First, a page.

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Author, Paul McCann, Consultant at Leathwaite.

For nearly a decade, financial services firms have engaged with Leathwaite to attract, hire and retain senior executive interim managers for key global assignments.

During the last five years there has been a distinct trend to reduce permanent staffing levels, with a goal of creating a more agile and scalable organisational infrastructure. The outcome from this activity has notably fuelled a change in the profile and role of executive interim managers, which we shall discuss within this paper.

Clients still require, to coin a phrase, “high-performance athletes” who are able to lead organisations through intense periods of business transformation. Yet, in addition to this, there is now a much greater need for individuals who are highly competent within functional/operational management and possess cross business unit fluency. This was in large part to compensate for the headcount reductions that have impacted key middle and back office roles and functions.

As a result, executive interim manager hires are now higher profile and carry a far greater project scope and organisational influence than ever before.

The good news for clients is that there is a new generation of executive interim who can fulfil this need.

From permanent to interim – what is fuelling the change?

As one senior executive explained:

“I wanted three things – work I love, colleagues I respect and to be paid competitively. I realised I could achieve all these things in an executive interim role.”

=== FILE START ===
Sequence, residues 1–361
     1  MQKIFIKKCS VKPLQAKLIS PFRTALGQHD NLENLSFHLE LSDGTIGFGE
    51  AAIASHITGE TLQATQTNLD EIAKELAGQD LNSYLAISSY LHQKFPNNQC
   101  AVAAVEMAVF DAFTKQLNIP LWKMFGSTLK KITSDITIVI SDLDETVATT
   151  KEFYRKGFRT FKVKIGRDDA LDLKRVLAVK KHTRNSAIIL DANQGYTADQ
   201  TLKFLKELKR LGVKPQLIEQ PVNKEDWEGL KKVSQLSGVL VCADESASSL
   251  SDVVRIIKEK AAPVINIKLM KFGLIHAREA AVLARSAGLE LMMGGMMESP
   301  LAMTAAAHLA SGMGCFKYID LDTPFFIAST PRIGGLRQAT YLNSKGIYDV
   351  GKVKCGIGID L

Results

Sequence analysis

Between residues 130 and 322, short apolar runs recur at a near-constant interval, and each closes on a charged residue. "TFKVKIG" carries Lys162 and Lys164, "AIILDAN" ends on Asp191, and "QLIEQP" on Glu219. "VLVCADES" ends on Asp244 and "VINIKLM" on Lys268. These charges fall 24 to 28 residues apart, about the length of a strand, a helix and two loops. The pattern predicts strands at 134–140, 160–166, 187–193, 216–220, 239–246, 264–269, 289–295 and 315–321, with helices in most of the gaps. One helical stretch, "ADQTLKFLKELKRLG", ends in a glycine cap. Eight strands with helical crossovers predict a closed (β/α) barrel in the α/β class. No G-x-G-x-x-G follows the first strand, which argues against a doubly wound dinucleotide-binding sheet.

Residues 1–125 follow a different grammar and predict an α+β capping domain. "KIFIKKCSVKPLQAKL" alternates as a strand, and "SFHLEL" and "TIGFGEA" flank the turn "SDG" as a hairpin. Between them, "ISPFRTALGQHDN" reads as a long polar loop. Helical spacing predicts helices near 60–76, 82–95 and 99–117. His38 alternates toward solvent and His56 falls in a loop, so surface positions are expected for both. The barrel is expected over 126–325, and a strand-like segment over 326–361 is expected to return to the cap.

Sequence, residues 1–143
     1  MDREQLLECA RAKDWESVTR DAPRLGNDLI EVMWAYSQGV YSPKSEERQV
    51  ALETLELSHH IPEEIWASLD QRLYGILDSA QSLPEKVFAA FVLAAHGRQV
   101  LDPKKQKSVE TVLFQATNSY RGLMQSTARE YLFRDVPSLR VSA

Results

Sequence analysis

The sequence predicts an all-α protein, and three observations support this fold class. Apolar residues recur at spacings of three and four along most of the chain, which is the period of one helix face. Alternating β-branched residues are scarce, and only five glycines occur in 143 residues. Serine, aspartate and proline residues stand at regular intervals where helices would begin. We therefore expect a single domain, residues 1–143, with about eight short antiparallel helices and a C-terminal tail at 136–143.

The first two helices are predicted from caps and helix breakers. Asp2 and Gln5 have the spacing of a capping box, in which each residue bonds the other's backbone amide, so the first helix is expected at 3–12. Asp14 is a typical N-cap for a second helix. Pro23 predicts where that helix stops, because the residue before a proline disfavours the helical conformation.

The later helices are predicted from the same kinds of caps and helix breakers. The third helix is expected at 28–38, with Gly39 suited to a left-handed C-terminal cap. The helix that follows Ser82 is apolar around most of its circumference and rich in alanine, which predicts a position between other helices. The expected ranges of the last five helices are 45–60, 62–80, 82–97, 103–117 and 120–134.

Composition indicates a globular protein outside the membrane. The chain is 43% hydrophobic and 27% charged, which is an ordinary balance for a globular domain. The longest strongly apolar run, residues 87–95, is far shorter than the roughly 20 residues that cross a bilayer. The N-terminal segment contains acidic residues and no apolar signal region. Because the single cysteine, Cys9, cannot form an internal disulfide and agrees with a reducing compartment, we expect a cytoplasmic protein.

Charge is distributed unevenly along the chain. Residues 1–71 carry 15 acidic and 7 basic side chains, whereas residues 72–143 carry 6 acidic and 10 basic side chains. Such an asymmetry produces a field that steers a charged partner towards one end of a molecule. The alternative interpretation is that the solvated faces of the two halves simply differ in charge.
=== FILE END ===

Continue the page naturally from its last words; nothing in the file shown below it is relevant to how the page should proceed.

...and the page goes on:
This response was one of several themes that emerged as we sought to gain a greater understanding of why the evolving executive interim market is encouraging more executives to leave their permanent career in order to explore interim opportunities.

Compensation is a key driver

An increasing number of firms are introducing restricted compensation; pegging compensation to a business unit or total firm performance, as opposed to pure multi-year deferrals. For many in the middle and back office functions that are not aligned to a profit centre, it means compensation is tied to the quarter by quarter or full year profitability of their employer, often in turbulent markets.

Overall, increased market volatility, coupled with the myriad of regulation on variable compensation, has led to lower take home pay for senior executives.

“10 years ago, variable compensation was anything but. It was bankable and you expected to make + or – 10% of what you made in total last year,” a former senior director in group technology in a large European banking group highlighted.